The opposite of populist nationalism is not globalist elitism; it is economic realism. And in the end, countries such as Britain, the United States, and now Italy will learn the hard way that reality always eventually wins.
The sanctions against Iran reinstated by US President Donald Trump raise two all-important questions that have no convincing answers. But they also raise a third question, about which financial markets are likely to be wrong.
With economic conditions returning more or less to normal around the world after a decade of financial crises, nationalist populism is now seen as the biggest threat to global recovery. But is it possible that this consensus has emerged just as the populist wave has crested?
Economists may warn that the combination of Trump’s protectionism, big tax cuts, and uncontrolled government borrowing, coming at a time when the US economy is already near full employment, will ultimately fuel inflationary pressure. But financial markets simply do not believe this message.
Did February’s equity-price reversal mark the end of the bull market, or was it just a temporary correction? In addressing this question, one must look not just at the stock market, but also at oil prices, long-term US interest rates, and currencies.
If a hard Brexit is economically unacceptable to British business and Parliament, a soft Brexit is politically unacceptable to EU leaders, and a fake Brexit is unacceptable to almost everyone, just one alternative remains: no Brexit. That would mean revoking Britain’s withdrawal notice under Article 50 of the Treaty on European Union.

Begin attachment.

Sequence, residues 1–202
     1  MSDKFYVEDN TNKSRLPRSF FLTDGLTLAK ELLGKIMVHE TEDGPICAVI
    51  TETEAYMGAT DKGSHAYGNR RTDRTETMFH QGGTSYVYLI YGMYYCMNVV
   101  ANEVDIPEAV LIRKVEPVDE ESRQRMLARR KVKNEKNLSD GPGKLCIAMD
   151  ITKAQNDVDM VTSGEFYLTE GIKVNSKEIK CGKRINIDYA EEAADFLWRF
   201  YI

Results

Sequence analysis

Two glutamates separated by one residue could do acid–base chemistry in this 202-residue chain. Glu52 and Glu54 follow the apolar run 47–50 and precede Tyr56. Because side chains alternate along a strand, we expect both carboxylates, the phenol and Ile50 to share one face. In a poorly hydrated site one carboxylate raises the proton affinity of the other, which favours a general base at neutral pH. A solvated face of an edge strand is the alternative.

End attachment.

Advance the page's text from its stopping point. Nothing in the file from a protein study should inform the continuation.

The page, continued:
What many analysts still see as a temporary bubble, pumped up by artificial and unsustainable monetary stimulus, is maturing into a structural expansion of economic activity, profits, and employment that probably has many more years to run. There are at least four reasons for such optimism.
With talks on the UK's withdrawal from the EU stalled, negotiators should shift to the temporary “transition” Prime Minister Theresa May officially requested last month. Above all, the negotiators should focus immediately on the British budget contributions that will be required to make an orderly transition possible.
Last year’s "multi-crisis" in the EU – including Brexit, refugees, “illiberal democracy” in Hungary and Poland, and the still-unresolved euro crisis – has produced a convergence of opportunities. With Germany's election over, European leaders no longer have an excuse for inaction while they wait for voters’ next rebuff.